Written by Maya Doyle
The one locale that comes to mind when carnival season approaches is none other than the famous Queen’s Park Savannah. Famously known as the largest roundabout in the world, the Queen’s Park Savannah is one of the most iconic places in the twin isle republic. Located in the heart of Port of Spain, the Savannah hosts many major events during the carnival season and is prized for the Grand Stand and stage which Carnival bands have traditionally crossed since the mid 1900’s.
The Queen’s Park Savannah was originally owned by the Peschier family, who came to Trinidad as a result of the 1783, Cedula of Population which encouraged the immigration of French planters and their families from neighbouring countries to the island. Upon their arrival, the family of French Swiss origin, received 232 acres of land to the north of Port of Spain. The land was cleared to build their sugar estate which comprised a house for the family, accommodations for the enslaved Africans, fields, a mill and a boiling house. After the unfortunate death of two sons in 1786 and Henri Peschier’s subsequent death in 1791, the estate was sold to the Cabildo, excluding a 6,600sq.ft parcel of land in which the Peschier family, to this day, is buried.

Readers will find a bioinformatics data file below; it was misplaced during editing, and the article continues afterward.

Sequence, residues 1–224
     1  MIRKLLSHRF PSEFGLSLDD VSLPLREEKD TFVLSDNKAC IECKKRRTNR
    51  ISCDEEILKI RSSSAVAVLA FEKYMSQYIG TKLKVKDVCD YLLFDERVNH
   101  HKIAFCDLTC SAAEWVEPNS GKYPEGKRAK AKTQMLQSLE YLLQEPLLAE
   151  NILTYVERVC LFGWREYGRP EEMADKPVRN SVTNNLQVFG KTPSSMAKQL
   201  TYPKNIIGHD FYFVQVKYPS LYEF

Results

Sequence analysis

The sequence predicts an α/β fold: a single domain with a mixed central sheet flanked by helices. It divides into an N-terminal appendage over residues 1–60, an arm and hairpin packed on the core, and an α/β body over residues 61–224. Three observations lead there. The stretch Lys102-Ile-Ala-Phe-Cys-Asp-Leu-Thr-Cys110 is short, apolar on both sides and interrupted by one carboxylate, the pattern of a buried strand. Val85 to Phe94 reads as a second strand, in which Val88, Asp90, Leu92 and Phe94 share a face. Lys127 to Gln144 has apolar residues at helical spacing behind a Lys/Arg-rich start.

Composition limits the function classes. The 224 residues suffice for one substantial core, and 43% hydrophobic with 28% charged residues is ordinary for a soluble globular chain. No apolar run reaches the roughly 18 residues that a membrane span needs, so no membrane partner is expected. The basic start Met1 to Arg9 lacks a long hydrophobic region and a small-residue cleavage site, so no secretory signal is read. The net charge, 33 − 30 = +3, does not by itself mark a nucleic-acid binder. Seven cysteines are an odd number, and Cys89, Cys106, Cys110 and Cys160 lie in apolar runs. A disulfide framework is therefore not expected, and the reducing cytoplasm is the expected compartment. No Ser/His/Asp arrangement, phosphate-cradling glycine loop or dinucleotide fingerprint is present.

The Grand Savannah, as it was called back then, was mainly an open space in which cattle and other livestock grazed. Children would play in the park and many people enjoyed the windy and open scenery including the owners of the popular Magnificent Seven buildings located opposite to the Savannah. In 1887, a pavilion was built just in time for the arrival of the American cricket team. Cricket was played in the savannah by local and international teams until 1896, when the pavilion was demolished. In 1854, the Grand Stand was constructed and horse racing became a regular sport in the Savannah.
Carnival, mainly celebrated in the streets of Port of Spain, and in Marine Square (now Independence Square) migrated to the Grand Stand in 1948. The Parade of the Bands is an annual event in Trinidad where bands are judged and experience the climax of the season. For masqueraders crossing the stage, a traditional feat, is an attraction in itself, with a multiplicity of people and an explosion of colours and music. Costumes of various sizes and colours pour onto the stage, from ‘Kiddies Carnival’ to ‘Kings and Queens’. The Grand Stand is a prominent aspect of Trinidad Carnival and is significant to Trinidadian citizens. The amalgamation of the bands to this centralized location is demonstrative of the pluralism of the country. Every race and colour is portrayed in ‘mas’ and the Grand Stand is the agent of cohesion which unites them.